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Canadian Researchers Discover Cold-Water Coral Reef in Greenland

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By sheer coincidence, Canadian researchers have discovered a reef of living cold-water corals in southern Greenland.

The first ever Greenlandic reef is located in southwest Greenland and was formed by cold-water corals with hard limestone skeletons. There are several species of coral in Greenland, but this is the first time that an actual reef has been found.

In the tropics, reefs are popular tourist destination for divers, but there is little prospect of Greenland becoming a similar diving hotspot. The newly discovered living reef is located off Cape Desolation south of Ivittuut, and lies at a depth of 900 metres in a spot with very strong currents, making it difficult to reach. This also means that so far little is known about the reef itself and what lives on it.

The reef was discovered by accident when a Canadian research vessel needed to take some water samples. When the ship sent the measuring instruments down to a depth of 900 metres, they came back up completely smashed. Fortunately there were several pieces of broken coral branches on the instrument that showed what was responsible.

“At first the researchers were swearing and cursing at the smashed equipment and were just about to throw the pieces of coral back into the sea, when luckily they realized what they were holding,” says PhD student Helle Jørgensbye, DTU Aqua, who does research into life at the bottom of the west Greenland waters.

Another Canadian research vessel returned to the site last fall to try and lower a camera down onto the reef to explore it close up. The coral reef is on the continental shelf itself where it is very steep and where there are strong currents.

“We got some photos eventually, although we almost lost them at the bottom of the ocean as the camera got stuck fast somewhere down in the depths. Luckily we managed to get it loose again and back up to the surface,” says Helle Jørgensbye.

“It’s been known for many years that coral reefs have existed in Norway and Iceland and there is a lot of research on the Norwegian reefs, but not a great deal is known about Greenland. In Norway, the reefs grow up to 30 metres high and several kilometres long. The great Norwegian reefs are over 8,000 years old, which means that they probably started to grow after the ice disappeared after the last ice age. The Greenlandic reef is probably smaller, and we still don’t know how old it is,” says Helle Jørgensbye, expressing the hope that at some point this will be investigated more closely.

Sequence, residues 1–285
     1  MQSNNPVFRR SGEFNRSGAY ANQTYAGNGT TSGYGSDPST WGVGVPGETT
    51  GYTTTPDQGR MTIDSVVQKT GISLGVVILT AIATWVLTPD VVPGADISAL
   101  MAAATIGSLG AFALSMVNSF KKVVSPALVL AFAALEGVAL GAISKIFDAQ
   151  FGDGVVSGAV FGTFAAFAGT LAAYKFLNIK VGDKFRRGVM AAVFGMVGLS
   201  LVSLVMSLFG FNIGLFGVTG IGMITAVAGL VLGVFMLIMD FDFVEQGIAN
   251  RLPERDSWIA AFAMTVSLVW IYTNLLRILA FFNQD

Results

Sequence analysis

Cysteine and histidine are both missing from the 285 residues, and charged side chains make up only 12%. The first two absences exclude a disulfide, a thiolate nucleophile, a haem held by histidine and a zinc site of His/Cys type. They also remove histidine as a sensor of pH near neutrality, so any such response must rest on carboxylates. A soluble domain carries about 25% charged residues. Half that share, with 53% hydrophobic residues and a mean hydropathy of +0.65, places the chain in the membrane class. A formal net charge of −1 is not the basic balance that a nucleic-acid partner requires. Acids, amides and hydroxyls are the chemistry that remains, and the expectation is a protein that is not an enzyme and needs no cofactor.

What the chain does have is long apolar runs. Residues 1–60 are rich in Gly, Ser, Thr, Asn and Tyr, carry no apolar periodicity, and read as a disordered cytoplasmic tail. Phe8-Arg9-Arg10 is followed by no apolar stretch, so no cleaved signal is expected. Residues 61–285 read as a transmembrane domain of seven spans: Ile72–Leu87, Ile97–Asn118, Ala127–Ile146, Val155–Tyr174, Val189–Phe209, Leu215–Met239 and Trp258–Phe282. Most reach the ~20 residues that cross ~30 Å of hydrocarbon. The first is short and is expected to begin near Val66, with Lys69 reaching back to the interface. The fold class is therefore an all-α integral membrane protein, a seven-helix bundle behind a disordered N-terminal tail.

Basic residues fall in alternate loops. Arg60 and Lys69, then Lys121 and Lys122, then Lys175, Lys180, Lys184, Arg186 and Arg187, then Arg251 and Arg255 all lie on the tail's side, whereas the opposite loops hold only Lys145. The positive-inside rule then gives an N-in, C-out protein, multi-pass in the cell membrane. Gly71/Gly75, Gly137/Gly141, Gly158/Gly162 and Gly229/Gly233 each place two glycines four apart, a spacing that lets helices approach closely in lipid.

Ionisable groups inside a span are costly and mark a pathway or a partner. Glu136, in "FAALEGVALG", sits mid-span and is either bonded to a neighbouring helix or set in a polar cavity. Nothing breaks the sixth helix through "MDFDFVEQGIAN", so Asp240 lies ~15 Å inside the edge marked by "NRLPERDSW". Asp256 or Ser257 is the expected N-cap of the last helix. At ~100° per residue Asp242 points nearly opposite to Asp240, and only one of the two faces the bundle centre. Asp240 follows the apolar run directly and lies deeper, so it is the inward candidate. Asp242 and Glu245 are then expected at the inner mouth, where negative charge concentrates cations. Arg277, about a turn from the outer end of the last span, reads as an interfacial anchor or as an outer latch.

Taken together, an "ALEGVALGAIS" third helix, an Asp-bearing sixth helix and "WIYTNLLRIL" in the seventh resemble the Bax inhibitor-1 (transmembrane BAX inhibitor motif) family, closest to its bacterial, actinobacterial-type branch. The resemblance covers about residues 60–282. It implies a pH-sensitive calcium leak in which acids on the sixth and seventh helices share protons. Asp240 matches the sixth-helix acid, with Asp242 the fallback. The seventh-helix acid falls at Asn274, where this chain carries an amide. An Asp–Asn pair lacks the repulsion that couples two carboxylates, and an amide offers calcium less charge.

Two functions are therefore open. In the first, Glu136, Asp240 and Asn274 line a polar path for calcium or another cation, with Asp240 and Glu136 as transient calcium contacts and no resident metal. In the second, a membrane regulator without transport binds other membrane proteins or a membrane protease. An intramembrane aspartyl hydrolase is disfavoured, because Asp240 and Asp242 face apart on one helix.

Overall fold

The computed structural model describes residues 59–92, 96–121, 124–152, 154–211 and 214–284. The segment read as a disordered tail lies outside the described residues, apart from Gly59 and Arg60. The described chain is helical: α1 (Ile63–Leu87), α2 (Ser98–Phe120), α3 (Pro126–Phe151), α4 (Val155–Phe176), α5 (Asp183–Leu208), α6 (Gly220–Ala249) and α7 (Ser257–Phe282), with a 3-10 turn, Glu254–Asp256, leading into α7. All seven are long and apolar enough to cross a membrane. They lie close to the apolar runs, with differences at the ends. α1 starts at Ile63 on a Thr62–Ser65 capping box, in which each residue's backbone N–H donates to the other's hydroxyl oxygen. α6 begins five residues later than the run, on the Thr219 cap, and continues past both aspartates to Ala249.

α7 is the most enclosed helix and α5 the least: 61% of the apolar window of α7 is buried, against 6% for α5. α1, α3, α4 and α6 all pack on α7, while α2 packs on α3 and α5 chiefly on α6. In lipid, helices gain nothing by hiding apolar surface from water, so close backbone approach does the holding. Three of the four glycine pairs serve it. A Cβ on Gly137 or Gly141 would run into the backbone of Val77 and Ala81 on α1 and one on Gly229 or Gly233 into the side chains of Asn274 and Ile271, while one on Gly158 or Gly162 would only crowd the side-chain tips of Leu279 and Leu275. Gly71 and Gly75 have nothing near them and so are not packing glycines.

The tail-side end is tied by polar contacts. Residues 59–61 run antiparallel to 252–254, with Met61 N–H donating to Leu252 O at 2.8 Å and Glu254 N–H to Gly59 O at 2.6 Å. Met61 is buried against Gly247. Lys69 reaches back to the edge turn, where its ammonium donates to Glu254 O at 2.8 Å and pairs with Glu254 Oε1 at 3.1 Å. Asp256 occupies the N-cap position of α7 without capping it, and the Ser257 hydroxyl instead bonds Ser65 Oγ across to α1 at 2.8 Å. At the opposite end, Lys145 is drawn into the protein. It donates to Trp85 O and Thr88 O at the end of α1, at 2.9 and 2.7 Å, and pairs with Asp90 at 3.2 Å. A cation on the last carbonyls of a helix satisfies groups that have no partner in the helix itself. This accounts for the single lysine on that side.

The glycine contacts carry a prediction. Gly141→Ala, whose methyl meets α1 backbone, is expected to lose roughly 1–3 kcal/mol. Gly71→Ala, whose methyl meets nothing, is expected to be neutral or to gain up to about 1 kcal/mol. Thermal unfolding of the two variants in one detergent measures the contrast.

Read more on this story here.

 

Source: www.sciencedaily.com

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Roots Red Sea is the Travelers’ Choice

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There is a remote spot on the coast of the Egyptian Eastern Desert that has been steadily developing an enviable reputation amongst the worlds diving community. It’s absolutely no surprise then that Roots Red Sea has just received TripAdvisors top award, Travelers Choice, the 10th year running it has been recognised with awards from TripAdvisor!

With a passing glance, many divers have dismissed a visit to this gem, its rustic appearance and remote location seemingly enough to deter further consideration. However, those that take a closer look have been rewarded with simply a totally unique experience with awesome diving, an unbelievable welcome and life long memories.

Winning an award once could be luck, every year for 10 years, there has to be a reason. Why not go to find out what it is?

info@rootsredsea.com

www.rootsredsea.com

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The BiG Scuba Podcast… with Nays Baghai

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Gemma and Ian chat to Nays Baghai. Inspired by The Blue Planet as a child, Nays’ work as an underwater cinematographer and photographer has been showcased by numerous premier brands, including Rolex and Sony Alpha.  Nays was featured amongst the Top 30 finalists of the Australasian Top Emerging Photographers competition in the Portfolio and Animal categories. He is a PADI-certified Freediving Instructor and Master Scuba Diver, and can dive to 40m both with and without tanks.

Have a listen here:

Find out more:


Find more podcast episodes and information at the new www.thebigscuba.com  website and on most social platforms @thebigscuba 

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A luxurious dive resort in the heart of Lembeh Strait. Enjoy refined services while exploring the rich waters of Indonesia.

The resort is nestled around an ocean front deck and swimming-pool (with pool-bar) which is the perfect place to enjoy a sundowner cocktail at the end of a busy day of critter-diving.

All accommodation is full board and includes three sumptuous meals a day. Breakfast and lunch are buffet meals and in the evening dining is a la carte.

Book and stay before the end of June and benefit from no single supplements in all room types!

Booking deadline: Subject to availability – book and stay before end of June 2022

Call Diverse Travel on 01473 852002 or email info@diversetravel.co.uk.

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